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Not in complete agreement.

by lkf1 In reply to Its a job, not a career

I am an IS security analyst for a healthcare organization. I used to deal with doctors and clinicians all the time when I was a network engineer for the same company. None of those people know a thing about a computer. If it's not a shortcut on their desktop they could be bothered to learn anything about it. These are intelligent people who save lives every day. They just don't have the hard drive space or RAM to keep all the medical and computer facts in their heads.

There are always going to be people like that. Heck, the IT people of today may end up in nich jobs handling old OS for critical systems that are out of date but cant be brought down for upgrades. But IT is putting stuff out all the time that changes the environment we work in. Routing Switching Firewalls IDS IPS VPN and etc., have all changed dramatically technologically speaking and in how we use them. Their are IT people who don't have the RAM and hard drive space in their heads to handle all IT stuff.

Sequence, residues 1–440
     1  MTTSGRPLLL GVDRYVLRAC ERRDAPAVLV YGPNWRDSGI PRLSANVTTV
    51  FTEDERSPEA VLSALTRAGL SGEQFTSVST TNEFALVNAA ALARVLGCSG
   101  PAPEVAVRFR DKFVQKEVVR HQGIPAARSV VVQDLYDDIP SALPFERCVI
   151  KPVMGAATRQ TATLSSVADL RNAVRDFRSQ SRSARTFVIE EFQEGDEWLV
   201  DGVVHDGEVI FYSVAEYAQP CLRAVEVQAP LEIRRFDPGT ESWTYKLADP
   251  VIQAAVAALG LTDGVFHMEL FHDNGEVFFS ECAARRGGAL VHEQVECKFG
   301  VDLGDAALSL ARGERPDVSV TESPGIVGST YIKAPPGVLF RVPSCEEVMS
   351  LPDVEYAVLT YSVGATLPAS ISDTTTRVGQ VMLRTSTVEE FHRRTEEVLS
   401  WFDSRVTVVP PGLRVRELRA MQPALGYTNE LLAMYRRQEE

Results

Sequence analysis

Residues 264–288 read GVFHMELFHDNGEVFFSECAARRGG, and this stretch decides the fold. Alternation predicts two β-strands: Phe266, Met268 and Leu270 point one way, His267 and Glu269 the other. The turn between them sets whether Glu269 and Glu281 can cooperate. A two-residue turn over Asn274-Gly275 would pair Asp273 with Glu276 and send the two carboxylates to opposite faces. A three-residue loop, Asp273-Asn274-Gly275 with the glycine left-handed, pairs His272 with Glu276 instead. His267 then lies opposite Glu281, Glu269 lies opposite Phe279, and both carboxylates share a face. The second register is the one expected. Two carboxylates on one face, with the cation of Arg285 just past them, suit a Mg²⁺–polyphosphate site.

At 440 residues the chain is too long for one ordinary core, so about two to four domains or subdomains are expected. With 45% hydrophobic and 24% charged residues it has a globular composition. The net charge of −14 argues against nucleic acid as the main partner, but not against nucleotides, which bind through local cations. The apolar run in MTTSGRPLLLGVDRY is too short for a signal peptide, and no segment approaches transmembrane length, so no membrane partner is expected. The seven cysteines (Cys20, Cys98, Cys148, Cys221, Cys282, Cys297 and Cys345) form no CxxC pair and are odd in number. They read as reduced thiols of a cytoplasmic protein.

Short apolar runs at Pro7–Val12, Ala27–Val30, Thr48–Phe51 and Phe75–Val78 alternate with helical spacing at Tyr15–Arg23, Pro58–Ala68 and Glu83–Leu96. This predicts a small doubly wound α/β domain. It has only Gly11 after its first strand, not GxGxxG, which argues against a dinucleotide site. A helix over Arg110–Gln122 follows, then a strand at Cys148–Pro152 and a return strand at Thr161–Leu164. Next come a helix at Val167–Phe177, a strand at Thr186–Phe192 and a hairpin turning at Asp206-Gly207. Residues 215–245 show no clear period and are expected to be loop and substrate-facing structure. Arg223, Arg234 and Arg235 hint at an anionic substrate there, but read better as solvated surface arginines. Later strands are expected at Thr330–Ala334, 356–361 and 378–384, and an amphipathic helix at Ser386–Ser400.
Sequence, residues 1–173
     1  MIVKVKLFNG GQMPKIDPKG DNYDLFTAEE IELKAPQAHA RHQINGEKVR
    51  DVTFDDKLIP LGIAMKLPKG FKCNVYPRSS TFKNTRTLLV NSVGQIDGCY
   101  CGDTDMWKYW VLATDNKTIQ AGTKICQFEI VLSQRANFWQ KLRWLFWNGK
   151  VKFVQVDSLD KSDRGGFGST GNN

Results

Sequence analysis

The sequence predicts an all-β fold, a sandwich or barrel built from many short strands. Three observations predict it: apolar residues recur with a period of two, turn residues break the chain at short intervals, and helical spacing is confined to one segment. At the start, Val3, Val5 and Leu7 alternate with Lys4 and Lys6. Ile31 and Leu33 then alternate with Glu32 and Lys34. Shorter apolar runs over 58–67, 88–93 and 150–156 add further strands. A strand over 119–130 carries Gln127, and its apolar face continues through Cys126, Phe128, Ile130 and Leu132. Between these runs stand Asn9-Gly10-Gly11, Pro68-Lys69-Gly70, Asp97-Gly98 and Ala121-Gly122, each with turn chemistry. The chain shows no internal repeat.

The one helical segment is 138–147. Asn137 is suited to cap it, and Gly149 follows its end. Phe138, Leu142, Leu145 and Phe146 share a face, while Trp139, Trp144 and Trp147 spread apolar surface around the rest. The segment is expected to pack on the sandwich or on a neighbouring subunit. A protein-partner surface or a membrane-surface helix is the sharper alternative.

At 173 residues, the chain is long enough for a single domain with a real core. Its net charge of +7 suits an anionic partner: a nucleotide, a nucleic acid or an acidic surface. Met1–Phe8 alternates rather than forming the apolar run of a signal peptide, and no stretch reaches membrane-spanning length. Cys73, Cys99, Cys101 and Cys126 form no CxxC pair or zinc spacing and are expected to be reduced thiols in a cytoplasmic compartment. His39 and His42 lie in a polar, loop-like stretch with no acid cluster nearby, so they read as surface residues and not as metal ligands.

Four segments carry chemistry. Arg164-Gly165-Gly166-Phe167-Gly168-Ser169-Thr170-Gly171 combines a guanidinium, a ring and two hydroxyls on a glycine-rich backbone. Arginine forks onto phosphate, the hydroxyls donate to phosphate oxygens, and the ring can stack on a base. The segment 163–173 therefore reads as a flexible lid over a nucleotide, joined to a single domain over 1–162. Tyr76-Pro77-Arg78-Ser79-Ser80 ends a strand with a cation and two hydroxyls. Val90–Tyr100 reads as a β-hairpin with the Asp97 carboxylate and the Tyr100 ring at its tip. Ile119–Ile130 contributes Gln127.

When it comes down to it people who depend on computers to complete their job will always pay people to maintain update and troubleshoot their computers, servers, and networks for them. Their too busy doing their own work to worry about that stuff.

If you treat it like a job then thats what it will be. However, their are career opportunities given the right education, experience, and drive. I mean someone has to manage me...and that is a career in and of itself :)

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I have to agree

by ITfan In reply to Its a job, not a career

IT techs now have a reputation of being "grunts" and as such, get paid the salary of "grunts". We're about on the same levels as orderlies in a hospital... and I've worked IT in a hospital. You can't really argue with that when you see so many of us coming straight of of high-school, skipping college and earning a handful of certs then working entry-level jobs for an IT company.